acid rain; paper- and pulp-mill effluent; toxicity test; gene expression; DNA methylation; epigenetics; direct effect; indirect effect; partial-life-cycle test; early-life-stage test; sediment toxicology; oil pollution; sublethal effects

1.1. The History of Aquatic Toxicology

As long as human populations remained small, anthropogenic influences on aquatic environments remained small and local. Any effects were in the vicinity of bigger settlements. Probably the first larger-scale aquatic environmental issue resulted from lead water pipes that were used in large Roman towns.
Later, a major aquatic environmental problem was generated when sewage systems were built and people started using toilets (WCs). Consequently, contaminated household water, urine, and feces were disposed of directly to surrounding waters. Although cleaning measures are nowadays taken for most large human settlements, at least in Europe, Japan, North America, and Australia, the eutrophication caused by fertilizing compounds from human settlements, industry, agriculture (including the production of livestock), and aquaculture is a major threat to inland and coastal waters. Because gut bacteria can cause epidemics of intestinal diseases (e.g. cholera), they are still a major component to be determined when water quality criteria are established. The water quality framework is defined for Europe in the Water Policy Framework Directive (WFD) of 26 February 1997, and for the USA in the Clean Water Act and the Water Quality Act, of which the latter is from 1987.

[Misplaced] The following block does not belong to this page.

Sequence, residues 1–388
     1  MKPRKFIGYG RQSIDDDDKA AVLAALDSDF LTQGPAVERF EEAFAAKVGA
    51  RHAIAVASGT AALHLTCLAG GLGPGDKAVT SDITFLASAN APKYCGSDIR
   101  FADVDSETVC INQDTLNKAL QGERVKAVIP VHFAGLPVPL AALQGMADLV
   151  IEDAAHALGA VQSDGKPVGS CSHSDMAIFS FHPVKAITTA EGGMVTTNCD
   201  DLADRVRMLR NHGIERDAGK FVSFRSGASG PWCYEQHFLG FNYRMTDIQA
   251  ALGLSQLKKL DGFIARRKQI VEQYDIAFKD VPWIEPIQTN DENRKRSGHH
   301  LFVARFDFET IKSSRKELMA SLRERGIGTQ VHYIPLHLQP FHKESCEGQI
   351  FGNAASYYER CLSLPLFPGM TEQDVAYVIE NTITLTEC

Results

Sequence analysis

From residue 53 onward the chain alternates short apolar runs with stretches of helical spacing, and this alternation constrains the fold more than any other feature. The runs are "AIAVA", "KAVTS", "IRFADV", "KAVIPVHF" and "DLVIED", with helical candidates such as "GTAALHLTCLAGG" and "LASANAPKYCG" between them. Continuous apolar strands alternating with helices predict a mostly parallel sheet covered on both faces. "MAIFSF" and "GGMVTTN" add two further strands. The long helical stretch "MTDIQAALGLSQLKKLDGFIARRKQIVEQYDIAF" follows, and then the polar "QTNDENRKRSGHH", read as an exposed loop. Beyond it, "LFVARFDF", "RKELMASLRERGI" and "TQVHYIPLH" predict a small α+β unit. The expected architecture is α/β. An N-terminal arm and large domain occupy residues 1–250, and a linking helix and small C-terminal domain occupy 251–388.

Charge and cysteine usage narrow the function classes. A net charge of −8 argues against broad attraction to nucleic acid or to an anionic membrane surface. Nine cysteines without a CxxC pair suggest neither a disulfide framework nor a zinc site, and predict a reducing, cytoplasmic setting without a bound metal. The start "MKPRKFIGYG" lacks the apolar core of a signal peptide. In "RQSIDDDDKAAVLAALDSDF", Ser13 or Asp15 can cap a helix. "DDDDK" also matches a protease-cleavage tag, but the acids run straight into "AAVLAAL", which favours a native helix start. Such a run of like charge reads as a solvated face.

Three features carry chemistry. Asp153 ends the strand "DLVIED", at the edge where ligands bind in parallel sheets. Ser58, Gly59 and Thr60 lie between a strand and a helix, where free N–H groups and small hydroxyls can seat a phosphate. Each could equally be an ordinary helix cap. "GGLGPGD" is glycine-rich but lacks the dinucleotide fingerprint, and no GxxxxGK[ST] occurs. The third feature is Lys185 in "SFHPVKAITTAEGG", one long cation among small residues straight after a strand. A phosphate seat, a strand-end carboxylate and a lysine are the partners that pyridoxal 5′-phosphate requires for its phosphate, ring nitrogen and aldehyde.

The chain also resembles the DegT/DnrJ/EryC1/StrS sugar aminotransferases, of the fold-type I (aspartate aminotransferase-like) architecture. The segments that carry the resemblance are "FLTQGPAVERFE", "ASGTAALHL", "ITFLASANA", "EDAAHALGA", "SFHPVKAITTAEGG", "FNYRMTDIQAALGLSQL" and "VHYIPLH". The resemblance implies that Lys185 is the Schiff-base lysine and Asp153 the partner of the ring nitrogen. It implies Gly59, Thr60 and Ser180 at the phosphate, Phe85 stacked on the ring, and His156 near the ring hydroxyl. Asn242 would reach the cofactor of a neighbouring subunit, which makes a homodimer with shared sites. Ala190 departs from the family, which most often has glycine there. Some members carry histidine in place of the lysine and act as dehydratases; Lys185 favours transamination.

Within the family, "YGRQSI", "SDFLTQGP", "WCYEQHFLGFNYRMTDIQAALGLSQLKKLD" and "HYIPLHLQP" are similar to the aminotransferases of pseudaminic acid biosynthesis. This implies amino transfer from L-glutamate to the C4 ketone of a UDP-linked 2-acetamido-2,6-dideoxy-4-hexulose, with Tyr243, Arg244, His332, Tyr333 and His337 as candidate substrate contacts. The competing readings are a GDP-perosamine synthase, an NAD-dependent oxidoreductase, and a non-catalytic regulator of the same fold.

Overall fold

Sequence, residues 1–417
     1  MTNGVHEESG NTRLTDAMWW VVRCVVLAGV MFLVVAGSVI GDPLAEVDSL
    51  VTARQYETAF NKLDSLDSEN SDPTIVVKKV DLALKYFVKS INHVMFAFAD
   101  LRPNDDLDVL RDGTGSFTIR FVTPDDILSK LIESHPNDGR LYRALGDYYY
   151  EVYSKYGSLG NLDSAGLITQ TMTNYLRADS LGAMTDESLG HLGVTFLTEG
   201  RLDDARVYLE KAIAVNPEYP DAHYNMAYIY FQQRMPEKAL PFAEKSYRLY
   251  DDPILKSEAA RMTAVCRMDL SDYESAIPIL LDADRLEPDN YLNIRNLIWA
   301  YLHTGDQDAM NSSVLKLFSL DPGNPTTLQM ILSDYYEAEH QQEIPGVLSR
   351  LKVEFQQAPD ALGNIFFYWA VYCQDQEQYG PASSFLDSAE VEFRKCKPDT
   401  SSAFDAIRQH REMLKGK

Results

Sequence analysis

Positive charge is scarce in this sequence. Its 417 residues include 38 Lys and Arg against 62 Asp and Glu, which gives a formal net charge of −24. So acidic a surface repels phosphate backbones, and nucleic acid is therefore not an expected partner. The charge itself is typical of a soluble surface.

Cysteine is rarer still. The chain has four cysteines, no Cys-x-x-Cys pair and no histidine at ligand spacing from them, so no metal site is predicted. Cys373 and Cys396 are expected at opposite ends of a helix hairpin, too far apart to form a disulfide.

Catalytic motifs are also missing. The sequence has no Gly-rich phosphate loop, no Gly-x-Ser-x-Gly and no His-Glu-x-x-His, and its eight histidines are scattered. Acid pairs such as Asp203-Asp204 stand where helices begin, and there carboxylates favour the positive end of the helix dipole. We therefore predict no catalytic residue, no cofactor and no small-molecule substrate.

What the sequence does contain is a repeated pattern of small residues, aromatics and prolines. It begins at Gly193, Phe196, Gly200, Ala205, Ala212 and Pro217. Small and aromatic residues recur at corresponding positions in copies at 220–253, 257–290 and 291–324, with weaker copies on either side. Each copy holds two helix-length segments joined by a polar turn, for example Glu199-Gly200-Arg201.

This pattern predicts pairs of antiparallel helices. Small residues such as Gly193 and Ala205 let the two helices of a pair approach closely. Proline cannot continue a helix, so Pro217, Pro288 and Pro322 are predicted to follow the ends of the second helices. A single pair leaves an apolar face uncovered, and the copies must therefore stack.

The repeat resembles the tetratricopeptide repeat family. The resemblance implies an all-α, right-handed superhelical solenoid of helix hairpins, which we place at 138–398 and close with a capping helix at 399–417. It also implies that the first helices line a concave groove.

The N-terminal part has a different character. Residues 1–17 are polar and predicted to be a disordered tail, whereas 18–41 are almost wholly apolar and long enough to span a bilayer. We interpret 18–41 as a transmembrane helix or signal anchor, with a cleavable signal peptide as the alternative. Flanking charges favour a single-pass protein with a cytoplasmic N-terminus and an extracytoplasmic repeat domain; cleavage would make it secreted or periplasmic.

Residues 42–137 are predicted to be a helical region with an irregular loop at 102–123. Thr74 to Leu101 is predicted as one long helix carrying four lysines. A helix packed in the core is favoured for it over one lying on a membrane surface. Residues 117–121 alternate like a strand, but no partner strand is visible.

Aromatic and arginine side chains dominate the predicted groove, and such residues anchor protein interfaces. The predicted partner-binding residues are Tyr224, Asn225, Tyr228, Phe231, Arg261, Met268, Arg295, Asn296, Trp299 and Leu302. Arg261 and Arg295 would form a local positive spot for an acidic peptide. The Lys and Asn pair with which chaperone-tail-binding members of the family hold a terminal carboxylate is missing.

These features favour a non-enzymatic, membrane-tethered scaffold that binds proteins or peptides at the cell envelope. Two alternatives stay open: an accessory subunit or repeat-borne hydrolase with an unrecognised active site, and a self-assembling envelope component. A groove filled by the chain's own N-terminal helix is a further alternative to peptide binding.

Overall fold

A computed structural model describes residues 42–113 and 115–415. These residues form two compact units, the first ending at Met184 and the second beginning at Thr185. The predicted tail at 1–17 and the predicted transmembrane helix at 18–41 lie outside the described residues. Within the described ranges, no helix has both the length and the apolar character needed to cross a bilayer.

Upon industrialization, acid rain became an issue. By the end of 1800s, coal burning was already causing acid rain and consecutive acidification of poorly buffered rivers and lakes in the British Isles. The immediate solution was to increase the height of chimneys. In the latter part of the twentieth century, this caused oxides of sulfur and nitrogen to be transported from central Europe and Britain to Scandinavia. The acid rain generated came down into poorly buffered streams and lakes in Norway, Sweden, and Finland, where whole fish stocks, especially of salmonids, were wiped out (see Figure 1.1 for the mechanism of water acidification). Similar acidification was observed in some parts of Canada, where it was caused mainly by coal burning in the industrial areas of the USA. As clear environmental disturbances were observed and could be tied to specific polluting sources, in this case sulfur-containing coal (and oil), and as the problems were observed in the aquatic systems of democratic industrialized European and North American countries, it was soon required that, first, the use of fuels containing much sulfur be curbed, second, the use of coal in energy production be decreased, and, third, the smoke be cleaned, removing sulfur from the gases. As a result of these measures, acid rain as an environmental problem is now all but forgotten in Europe and North America. Healthy fish stocks have returned to many formerly acidified lakes. However, globally, acidification of freshwater is of major importance, especially in Asia, where none of the measures that are required in Europe to prevent pollution are so far applied.